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Let’s have a think about Game of Thrones

April 12, 2012

I have not posted for exactly a month, which is about how long it takes a normal person to fight their way through George R.R. Martin’s Game of Thrones. The first book, not the television series or all the books in The Song of Fire and Ice.

It’s a book I bought six months ago. It didn’t grab me immediately, and I stopped before Bran fell. So, pretty early. It didn’t grab me. I picked it up again about half a month ago, and I finished it this time, being much more “into” fantasy at this point. I was goaded into it by one of my housemates, who absolutely loves the series to the point that our wireless router is named after the Stark’s ancestral home. Ironically, I have another housemate who utterly hates the series. Fun times.

I fall in between. I like the concept: a grand fantasy epic drawing more on political intrigue than on mystery. I like how he tells the story: there’s little emphasis on world building because we can imagine a typical medieval setting. The characters are, all told, nicely drawn and pretty human. It’s a good story, a good world, and it is fearlessly told: Martin does bad things to good people all the time, and most impressively he doesn’t paint the “villains” as bad people. In fact, the character most people identify with is one of them. Handy, that.

Where I struggled with the book was the writing. Simply put, Martin is pretty ordinary as a stylist, and I think that’s giving him more credit than I’d like. I don’t remember a single passage from the book as better than workmanlike. Sure, it’s hard to be impressive in an 800 page book, but that’s kind of the point, isn’t it? Martin’s got a grand plan, I’m sure, but the book featured altogether too many stories, too many characters, and too many ideas that didn’t need to be present. In the beginning, especially, this is a problem: Martin spends about half the book setting up events that would eventually happen, skipping between stories that are all in their first act, all in different places. Around page 200 I wanted to give up, because everything was just a mush of people and places. I didn’t care about a lot of the characters. I liked the characters everyone likes (Tyrion, Jon, Arya, even Dany) but the other chapters tired me out. It’s hard to care about fictional politics when you barely know what’s happening and when the writing isn’t stellar.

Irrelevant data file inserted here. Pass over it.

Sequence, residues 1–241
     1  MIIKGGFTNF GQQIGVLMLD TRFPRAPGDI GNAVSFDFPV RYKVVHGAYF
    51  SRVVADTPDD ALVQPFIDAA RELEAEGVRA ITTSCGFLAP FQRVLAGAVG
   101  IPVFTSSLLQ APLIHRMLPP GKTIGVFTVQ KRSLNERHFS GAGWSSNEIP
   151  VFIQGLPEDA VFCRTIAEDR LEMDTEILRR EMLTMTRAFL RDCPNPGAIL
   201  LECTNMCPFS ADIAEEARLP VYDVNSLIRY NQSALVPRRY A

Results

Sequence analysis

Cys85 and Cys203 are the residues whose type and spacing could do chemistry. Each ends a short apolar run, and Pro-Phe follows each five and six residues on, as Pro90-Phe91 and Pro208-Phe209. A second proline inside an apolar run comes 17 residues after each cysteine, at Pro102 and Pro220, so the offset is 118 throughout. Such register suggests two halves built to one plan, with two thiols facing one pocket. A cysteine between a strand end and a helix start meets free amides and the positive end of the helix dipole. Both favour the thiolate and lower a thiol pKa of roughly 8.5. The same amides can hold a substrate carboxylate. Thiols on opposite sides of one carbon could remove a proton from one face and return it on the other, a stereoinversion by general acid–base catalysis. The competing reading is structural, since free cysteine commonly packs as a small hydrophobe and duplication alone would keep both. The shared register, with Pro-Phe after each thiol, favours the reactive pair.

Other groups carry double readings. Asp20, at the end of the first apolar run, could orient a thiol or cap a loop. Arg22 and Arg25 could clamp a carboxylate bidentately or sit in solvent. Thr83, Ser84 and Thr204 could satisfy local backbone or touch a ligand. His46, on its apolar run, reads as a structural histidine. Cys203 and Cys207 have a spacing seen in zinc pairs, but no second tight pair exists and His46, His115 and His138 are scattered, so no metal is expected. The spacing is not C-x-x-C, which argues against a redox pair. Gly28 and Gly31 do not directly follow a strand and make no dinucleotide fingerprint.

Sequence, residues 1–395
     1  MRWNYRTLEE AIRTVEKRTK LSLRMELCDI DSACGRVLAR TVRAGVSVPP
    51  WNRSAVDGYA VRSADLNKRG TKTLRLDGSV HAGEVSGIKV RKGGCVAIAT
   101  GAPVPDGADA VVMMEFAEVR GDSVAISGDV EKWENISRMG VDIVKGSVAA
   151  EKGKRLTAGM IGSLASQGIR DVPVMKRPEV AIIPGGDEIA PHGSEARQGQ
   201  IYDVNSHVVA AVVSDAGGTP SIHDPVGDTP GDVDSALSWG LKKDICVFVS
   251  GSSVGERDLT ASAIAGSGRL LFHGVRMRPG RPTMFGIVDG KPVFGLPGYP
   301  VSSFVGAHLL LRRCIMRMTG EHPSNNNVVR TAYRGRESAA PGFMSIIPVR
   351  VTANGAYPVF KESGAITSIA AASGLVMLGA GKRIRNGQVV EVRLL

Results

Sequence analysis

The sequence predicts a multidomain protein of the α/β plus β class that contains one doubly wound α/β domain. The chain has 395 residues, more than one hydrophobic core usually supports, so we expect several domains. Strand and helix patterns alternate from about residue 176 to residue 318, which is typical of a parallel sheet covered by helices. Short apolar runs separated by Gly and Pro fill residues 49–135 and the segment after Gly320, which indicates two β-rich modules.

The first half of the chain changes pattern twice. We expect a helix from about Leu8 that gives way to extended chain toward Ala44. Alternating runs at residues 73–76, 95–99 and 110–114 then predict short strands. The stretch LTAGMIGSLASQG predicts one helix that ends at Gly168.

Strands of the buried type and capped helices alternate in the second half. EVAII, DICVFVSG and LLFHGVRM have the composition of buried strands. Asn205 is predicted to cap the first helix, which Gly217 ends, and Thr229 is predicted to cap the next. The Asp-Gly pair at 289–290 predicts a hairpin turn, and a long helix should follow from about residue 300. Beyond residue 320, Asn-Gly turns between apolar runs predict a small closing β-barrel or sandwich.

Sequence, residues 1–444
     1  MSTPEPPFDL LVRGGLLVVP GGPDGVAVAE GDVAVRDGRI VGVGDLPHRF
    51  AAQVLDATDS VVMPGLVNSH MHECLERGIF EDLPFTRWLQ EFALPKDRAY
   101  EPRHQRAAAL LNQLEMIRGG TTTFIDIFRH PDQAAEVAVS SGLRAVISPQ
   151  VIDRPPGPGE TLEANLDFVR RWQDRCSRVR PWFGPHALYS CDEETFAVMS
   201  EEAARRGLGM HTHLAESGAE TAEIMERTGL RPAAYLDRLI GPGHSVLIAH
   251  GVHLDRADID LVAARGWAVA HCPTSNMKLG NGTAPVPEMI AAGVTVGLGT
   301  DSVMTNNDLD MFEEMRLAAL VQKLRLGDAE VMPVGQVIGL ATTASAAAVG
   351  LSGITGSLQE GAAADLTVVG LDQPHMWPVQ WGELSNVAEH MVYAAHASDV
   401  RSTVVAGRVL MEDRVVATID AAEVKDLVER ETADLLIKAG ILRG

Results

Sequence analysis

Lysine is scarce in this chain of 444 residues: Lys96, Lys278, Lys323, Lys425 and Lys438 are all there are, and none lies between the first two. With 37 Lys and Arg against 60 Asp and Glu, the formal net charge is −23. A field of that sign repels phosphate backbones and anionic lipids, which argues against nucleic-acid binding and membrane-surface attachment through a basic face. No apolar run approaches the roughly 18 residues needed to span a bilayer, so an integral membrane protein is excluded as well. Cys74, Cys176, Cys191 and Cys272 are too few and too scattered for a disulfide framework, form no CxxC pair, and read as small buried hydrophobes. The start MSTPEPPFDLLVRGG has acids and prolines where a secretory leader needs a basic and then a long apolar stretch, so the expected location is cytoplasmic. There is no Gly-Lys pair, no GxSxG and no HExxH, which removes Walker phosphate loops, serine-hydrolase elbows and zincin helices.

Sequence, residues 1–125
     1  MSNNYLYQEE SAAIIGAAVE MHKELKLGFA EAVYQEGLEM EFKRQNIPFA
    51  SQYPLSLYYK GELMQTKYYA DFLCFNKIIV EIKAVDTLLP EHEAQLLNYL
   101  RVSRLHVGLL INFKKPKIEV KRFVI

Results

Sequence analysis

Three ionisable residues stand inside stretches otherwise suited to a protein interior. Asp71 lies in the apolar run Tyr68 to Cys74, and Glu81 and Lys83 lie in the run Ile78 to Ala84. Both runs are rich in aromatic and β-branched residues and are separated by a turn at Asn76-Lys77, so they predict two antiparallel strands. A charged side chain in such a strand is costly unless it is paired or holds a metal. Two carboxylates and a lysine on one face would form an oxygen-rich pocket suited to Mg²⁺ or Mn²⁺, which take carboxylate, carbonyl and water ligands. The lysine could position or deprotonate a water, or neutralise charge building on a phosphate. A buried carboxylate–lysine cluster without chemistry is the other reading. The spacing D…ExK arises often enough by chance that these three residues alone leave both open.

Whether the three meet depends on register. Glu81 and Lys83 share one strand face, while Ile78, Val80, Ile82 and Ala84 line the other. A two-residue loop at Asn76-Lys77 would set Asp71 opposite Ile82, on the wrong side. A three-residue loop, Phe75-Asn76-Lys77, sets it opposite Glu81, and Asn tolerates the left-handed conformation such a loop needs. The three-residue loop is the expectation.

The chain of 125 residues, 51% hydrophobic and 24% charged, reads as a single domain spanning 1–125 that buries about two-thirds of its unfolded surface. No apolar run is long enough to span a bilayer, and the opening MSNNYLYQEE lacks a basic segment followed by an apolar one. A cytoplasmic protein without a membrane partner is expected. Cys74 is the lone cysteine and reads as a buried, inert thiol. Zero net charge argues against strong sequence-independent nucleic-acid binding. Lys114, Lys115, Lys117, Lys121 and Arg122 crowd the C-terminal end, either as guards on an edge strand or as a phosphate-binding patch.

That said, it got me towards the end for plot reasons. Characters made decisions I didn’t expect. Martin was rarely cheap or gratuitous (sure, there were a lot of breasts and a lot of beheadings–one of my major problem with the man’s writing–but he never lingered on things for effect) and the story picked up. I was invested, not through writerly trick but by the fact that I’d read this many pages. Which is a trick, in and of itself.

Also, my favorite character was Tywin Lannister, and I assume this is a sign of some strange mental defect. The scene at the end with him and Tyrion was my favorite in the book, because here’s this man making decisions and you understand them without getting inside his head. My biggest issue with the writing was how much Martin used, “He thought this needed his attention. It was important.” Every time I read that I shook my head. Because come on, how lazy can you get?

I’m excited to read the next book, though. I probably won’t immediately: I’ve got some other books (Susan Vreeland’s Girl in Hyacinth Blue; Patrick Rothfuss’ fun imitation The Name of the Wind (p.s. he has the goofiest Wikipedia picture; I look like him, a little bit, with beard); Ben Marcus’ insane “Notable American Women” (I ADORE books with the author as narrator, for no reason); and some other book I’m less excited about because I forgot its name). But I’m getting to Martin.

I also want to play the Board Game. You know, the big, betrayal filled one.

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